I will conclude this lengthy introduction with a quote from the eminent writer Ursula K. Le Guin, which is worth recalling in moments of general doubt: „We live in capitalism. Its power seems inevitable to us. But so did the divine right of kings. Every human power, however, can be repelled and changed by human beings”.

Into the essence of things

I must admit that I have never faced such a huge challenge when it comes to writing. Firstly, because the book has impressed me so much that I would most like to quote it word for word, which would be an obvious violation of copyright, and then you wouldn’t reach for it, and you wouldn’t buy it. Secondly, because it is over 500 pages long. The number of issues goes into tens, the studies and interviews cited into hundreds. Therefore, willingly or unwillingly (with emphasis on the latter), I will limit myself to a broader discussion of only two – subjectively selected by me – issues appearing on the pages of the book. These will be mental illness and a different understanding of so-called human nature from the mainstream.

Maté paints a complete and coherent picture. He first looks at the concept, which he places at the centre of his reflections, as the source of human suffering in its various forms and guises. For him, this is trauma. He explains it briefly as an intra-psychic break-up, a tearing of the soul into pieces. He then goes on to look at what contributes to trauma, at each stage of human development and how it relates to a system that creates enormous pressure, not only economically, but also related to insecurity, the oppression caused by patriarchy, classism and racism, the breakdown of social bonds, the alienation of the human beings and the commercialisation of every sphere of life. He analyses this first at the level of individuals, moving later to the general level, to political life, media, advertising, and corporations. In the last part of the book, he proposes his solutions and the paths towards both individual and social healing.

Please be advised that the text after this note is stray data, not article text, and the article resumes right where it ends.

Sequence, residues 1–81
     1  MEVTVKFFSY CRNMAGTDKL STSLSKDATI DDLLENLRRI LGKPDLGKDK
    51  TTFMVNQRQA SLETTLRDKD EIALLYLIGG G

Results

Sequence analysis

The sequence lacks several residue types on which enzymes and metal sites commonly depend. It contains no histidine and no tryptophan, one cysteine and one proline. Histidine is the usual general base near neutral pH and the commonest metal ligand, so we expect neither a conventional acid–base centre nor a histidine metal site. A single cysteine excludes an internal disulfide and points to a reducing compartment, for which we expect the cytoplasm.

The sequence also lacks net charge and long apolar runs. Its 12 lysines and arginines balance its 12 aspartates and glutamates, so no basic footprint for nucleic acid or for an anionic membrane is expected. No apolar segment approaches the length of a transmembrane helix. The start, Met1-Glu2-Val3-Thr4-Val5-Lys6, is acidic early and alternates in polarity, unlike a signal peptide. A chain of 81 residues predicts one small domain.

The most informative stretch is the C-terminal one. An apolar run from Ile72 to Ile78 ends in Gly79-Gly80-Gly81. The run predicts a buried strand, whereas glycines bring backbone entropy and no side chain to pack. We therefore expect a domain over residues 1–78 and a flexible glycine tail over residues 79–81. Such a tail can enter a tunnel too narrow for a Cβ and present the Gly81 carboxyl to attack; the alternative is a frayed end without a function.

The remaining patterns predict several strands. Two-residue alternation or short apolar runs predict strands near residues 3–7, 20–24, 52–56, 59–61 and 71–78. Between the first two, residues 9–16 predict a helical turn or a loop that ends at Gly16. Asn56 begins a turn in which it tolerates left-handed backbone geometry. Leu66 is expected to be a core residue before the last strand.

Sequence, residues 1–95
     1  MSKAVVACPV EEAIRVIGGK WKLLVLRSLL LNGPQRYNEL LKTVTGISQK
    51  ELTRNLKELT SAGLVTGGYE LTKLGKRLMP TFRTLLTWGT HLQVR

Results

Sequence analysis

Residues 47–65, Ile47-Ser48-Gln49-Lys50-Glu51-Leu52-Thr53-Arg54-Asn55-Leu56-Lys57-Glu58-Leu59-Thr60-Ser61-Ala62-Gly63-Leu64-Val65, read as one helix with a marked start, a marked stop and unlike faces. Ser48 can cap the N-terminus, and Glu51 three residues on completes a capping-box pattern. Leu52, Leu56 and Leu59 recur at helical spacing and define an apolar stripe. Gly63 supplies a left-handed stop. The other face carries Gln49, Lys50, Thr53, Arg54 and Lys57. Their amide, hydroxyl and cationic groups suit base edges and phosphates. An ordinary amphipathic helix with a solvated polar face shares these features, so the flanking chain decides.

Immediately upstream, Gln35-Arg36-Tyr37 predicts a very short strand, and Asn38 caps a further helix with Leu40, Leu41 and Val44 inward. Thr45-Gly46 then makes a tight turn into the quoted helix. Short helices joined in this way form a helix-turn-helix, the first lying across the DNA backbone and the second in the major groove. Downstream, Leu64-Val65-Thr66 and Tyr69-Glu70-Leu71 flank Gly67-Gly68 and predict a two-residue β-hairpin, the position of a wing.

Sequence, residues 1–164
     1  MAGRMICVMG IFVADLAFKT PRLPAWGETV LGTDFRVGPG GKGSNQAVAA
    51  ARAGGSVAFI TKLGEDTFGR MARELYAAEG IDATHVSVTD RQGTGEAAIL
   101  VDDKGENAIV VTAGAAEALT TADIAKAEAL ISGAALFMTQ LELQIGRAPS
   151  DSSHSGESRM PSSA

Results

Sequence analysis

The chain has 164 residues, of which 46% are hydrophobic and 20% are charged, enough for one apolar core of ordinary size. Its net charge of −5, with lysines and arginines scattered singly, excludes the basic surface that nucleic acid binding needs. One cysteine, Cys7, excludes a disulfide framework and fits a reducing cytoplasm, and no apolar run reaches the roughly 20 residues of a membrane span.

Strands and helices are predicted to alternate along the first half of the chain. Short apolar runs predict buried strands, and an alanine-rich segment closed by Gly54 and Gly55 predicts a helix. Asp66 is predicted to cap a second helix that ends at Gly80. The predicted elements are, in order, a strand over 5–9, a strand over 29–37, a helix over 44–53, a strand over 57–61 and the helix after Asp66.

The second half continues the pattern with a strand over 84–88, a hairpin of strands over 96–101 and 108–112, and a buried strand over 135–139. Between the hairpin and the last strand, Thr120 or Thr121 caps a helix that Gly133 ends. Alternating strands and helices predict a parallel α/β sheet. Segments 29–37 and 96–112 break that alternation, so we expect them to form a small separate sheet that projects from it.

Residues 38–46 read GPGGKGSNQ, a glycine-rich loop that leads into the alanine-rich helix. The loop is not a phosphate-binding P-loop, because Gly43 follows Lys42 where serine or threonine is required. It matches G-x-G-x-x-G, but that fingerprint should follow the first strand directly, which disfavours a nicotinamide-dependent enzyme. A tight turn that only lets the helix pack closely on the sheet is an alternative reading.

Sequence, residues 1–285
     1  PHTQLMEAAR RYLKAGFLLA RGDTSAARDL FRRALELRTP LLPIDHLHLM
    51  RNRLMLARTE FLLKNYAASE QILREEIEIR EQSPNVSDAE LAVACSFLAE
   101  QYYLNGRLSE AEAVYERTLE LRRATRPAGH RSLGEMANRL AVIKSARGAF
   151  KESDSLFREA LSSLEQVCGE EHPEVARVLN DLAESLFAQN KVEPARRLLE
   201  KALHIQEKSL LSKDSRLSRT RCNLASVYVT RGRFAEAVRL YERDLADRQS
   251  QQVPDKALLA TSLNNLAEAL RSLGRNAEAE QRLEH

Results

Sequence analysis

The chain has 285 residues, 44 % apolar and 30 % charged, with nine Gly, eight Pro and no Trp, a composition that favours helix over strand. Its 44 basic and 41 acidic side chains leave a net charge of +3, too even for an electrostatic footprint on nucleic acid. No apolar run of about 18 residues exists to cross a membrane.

When I think of the guiding principle by which this book is 'made’, Stoic thought and Marcus Aurelius’ 'Meditations’ come to mind. A common feature of the description of all the phenomena, from traumas and illnesses to addictions to social problems, so many of which are mentioned in the book, is the desire to see their essence. The deepest source of their origins and their nature and how they relate to the human being, the family, society, the system. The perspicacity and precision with which Maté sheds light on each phenomenon he describes is intimidating. Everything is backed up by a great deal of professional literature, but also by examples drawn from his clinical practice—the statements of people struggling with a particular problem.

The greatest strength of this book is to show that most of the difficulties we experience are not at all a 'private’ matter, let alone a matter of private responsibility for each of us. It is the result of living in a toxic culture that is hard on us. And it is also the fact that the human being – his body and mind – are not disconnected from each other, but are a whole, and illness and recovery should be thought of as such. The whole world, meanwhile, is a system of interconnected vessels that also constantly interact.

It is working for them!

What did the author mean when he titled his book 'The Myth of Normal’? In my opinion, 'The Myth of Normal’ means that an attempt is made to explain most of the conditions (diseases and disorders) that afflict people, as well as most of the social problems (addictions, poverty, racism) as usual under capitalism. Since these are costs, not profits, they have to be passed on to the people who experience them: their genetics, the imbalance of substances in their brains, the weakness of their characters, whatever. And then wash one’s hands off it and say: 'Apart from this – independent of us X, Y, Z – everything is normal’. It works for us! This is what the luminaries of the free market, the billionaires and politicians say here, and even the doctors, who are also severely criticized in the book.